When you have a name that’s difficult to pronounce, it can be awkward to correct people, and even more so when people say it wrong time and again. As Ephrat Livni wrote recently for Quartz, it’s easy to let such mispronunciations slide, but names are fundamental parts of identity and should not be easily given up on—especially in schools.
Clare McLaughlin previously reported for Quartz that there are long-lasting impacts for students whose names are mispronounced. In 2012, a study by Rita Kohli, assistant professor of education at the University of California-Riverside, and Daniel G. Solórzano, professor of education at the University of California-Los Angeles (UCLA), found that mispronouncing names in the classroom can have racial undertones, even if unintentional, and might affect the “self-perceptions and worldviews of a child.” Kohli says that “students [whose names were mispronounced] often felt shame, embarrassment and that their name was a burden.” As a result, “they often began to shy away from their language, culture, and families.”
Frank Nuessel, professor of Spanish, Italian, and linguistics at the University of Louisville, and editor of Names: A Journal of Onomastics, says pronouncing students’ names correctly “helps to develop a positive relation with students.” Some names have “consonant combinations that don’t exist in English” that might be difficult to pronounce, Nuessel says, but that doesn’t mean teachers should give up.
As awkward and repetitive as it may be constantly make sure that pronunciations are correct, which might involve asking students to restate their names, the onus is on educators to make the first move when in doubt. And in fact, the process of learning to pronounce a new name, and repeatedly saying it out loud to check with the student if it’s right, is just one of the many ways teachers can commit names and their proper pronunciations to memory.
Robert Bjork, a UCLA psychology professor, told KQED earlier this year that the discomfort of admitting someone’s name is hard to pronounce can aid in recall. This concept, called “desirable difficulties,” posits that the challenges of learning something gives that thing more importance, and carrying out “clarifying exchanges” to get the thing right helps with retention.
KQED also notes that, according to Kohli, when it comes to difficult-to-pronounce names, the key is to ask specific questions to both parent and child. “How would you like me to say your child’s name?” educators should ask parents. “I don’t know how to say your name yet, can you explain it to me?” they should ask their students. “I’m working on learning it, and it’s important to me to say it the way it’s meant to be said, the way your parents say it.”
Then, a teacher should say the name out loud, check with the student if it’s right, and if not, say it again until it is. It can be awkward, but is essential.
Some teachers say learning the meanings behind each student’s name is also helpful. Punita Chhabra Rice, an education researcher and academic advisor with John Hopkins University, has students write essays about the stories behind their names. Christine Yeh, a professor in counseling psychology at the University of San Francisco School of Education, asks students to tell the stories of their names aloud, a process she has dubbed the “name game.” A former professor of mine used this method, and it not only helped her remember and understand the names of the students in our class, but it also helped me properly pronounce the names of my classmates. (To demonstrate: I am technically named after the Islamic prophet Muhammad’s wife but my mother really just thought “Aisha” sounded pretty; many people with this name pronounce it with three syllables—”eye-ee-sha,” but my name is pronounced with only two syllables, “eye-sha”.)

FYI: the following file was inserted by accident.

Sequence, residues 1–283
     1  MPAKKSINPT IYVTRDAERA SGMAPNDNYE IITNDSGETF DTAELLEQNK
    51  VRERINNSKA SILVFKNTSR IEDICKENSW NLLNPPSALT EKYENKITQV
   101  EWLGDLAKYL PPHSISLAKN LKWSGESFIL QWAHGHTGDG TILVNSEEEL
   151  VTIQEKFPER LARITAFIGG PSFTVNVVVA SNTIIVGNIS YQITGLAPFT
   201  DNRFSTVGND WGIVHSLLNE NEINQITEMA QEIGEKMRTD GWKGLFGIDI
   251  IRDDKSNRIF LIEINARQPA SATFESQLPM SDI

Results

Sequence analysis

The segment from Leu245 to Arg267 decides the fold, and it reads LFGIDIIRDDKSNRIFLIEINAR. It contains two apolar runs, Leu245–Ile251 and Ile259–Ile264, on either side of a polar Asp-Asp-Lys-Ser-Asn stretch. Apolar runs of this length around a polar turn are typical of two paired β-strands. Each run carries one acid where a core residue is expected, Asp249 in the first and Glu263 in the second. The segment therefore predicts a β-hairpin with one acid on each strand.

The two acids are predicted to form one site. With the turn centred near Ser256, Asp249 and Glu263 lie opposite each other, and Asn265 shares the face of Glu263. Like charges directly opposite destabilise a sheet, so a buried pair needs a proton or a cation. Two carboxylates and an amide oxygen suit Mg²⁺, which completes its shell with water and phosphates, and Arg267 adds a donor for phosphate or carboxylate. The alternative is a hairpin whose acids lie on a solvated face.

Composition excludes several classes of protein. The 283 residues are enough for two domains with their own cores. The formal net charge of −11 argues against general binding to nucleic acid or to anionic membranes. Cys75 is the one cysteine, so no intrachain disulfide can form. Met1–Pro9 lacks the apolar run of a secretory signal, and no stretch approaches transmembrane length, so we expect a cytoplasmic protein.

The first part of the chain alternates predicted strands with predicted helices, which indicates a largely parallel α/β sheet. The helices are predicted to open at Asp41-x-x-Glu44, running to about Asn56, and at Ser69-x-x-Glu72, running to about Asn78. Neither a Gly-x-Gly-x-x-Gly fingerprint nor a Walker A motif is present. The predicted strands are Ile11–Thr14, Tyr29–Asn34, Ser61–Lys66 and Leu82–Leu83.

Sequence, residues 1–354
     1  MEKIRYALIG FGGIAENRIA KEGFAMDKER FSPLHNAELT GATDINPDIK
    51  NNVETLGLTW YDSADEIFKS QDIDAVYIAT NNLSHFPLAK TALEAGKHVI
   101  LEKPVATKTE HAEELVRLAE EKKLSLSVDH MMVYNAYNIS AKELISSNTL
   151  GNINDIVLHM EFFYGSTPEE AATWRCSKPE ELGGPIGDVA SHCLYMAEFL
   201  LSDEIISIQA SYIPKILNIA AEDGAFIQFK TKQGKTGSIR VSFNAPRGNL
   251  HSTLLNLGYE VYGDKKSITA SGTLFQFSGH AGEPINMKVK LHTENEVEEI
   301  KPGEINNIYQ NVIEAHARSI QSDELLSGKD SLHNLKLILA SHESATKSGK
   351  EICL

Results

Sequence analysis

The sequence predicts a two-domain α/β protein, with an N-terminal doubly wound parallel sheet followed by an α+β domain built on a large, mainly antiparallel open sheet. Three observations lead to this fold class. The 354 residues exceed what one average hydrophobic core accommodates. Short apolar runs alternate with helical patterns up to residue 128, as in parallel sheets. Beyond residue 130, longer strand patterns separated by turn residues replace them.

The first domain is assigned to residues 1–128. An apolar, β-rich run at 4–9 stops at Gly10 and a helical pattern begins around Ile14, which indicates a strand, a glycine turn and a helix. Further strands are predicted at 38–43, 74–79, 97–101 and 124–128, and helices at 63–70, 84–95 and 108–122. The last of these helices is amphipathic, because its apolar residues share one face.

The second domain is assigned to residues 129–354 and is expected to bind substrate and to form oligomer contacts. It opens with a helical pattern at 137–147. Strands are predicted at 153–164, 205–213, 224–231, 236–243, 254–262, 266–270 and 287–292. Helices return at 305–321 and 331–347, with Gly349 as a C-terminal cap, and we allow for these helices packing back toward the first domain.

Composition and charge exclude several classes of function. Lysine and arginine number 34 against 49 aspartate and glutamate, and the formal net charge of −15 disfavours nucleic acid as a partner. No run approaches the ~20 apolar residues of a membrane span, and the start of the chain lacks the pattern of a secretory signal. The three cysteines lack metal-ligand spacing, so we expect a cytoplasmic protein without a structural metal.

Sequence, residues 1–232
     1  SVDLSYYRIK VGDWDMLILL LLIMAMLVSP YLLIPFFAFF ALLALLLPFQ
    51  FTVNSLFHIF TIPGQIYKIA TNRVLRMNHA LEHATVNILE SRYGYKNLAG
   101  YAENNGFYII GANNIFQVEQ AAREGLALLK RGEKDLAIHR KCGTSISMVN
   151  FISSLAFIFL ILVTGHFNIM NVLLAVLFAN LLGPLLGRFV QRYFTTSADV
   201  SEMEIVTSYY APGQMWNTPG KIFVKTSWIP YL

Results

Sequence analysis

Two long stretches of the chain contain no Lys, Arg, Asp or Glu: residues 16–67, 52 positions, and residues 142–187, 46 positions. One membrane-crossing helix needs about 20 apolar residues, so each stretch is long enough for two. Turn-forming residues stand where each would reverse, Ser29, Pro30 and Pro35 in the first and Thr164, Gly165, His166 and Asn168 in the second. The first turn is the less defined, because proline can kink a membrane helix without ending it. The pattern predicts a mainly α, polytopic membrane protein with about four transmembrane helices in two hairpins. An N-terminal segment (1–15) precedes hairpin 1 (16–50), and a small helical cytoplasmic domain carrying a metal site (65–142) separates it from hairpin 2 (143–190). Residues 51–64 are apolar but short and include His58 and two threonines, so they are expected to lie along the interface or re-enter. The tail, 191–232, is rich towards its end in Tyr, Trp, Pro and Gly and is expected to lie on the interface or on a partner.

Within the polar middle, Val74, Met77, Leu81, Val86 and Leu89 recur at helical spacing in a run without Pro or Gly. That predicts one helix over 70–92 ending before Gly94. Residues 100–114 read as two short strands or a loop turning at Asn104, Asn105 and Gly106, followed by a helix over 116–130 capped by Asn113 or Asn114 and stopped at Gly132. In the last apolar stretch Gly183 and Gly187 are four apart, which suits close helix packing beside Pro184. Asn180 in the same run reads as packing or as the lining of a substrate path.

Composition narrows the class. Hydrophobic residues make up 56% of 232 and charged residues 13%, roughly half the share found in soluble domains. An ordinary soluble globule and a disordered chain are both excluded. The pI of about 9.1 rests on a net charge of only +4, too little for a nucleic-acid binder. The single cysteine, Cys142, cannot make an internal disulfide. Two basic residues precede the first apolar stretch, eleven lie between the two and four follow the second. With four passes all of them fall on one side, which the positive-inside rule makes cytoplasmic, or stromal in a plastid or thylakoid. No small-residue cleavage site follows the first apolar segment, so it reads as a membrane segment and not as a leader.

Another useful method to aid both recall and pronunciation is incorporating word associations or rhymes. Nuessel says he often does this with his own name: he’ll first explain that his last name rhymes with “vessel,” and the “ue” sound is not like that in special counsel Robert Mueller’s surname. “Nuessel” was only spelled with an “ue” because that was how government officials spelled it when his ancestors arrived at Ellis Island, Nuessel says.
There are various online resources available to help teachers (or anyone who is interested) with name pronunciation. The “My Name, My Identity” campaign by California’s Santa Clara County Office of Education is one example. (Santa Clara is also one of the most diverse counties in California, and has the highest median income on the West Coast.) The initiative is about building an inclusive school culture, which begins by pledging to pronounce student’s names correctly. The site includes lesson guides that revolve around name pronunciation, and ideas on how to encourage students to communicate the significance of their names. Jennifer Gonzalez, education blogger and founder of Cult of Pedagogy, an organization that provides multimedia resources for teachers, also recommends Hear Names, a site with short voice recordings made by native speakers pronouncing names from different countries.
Hearing your name pronounced accurately is especially important during the developmental phases of childhood, but it also matters as an adult. Many of the methods used by educators can be applied to various situations, whether that’s meeting someone new in the workplace or at a cocktail party. These practices can even be useful in getting that person who regularly mispronounces your name to finally get it right. Since our names follow us wherever we go, it’s worth taking these lessons out beyond the classroom, and treating other’s names like we would have them treat ours.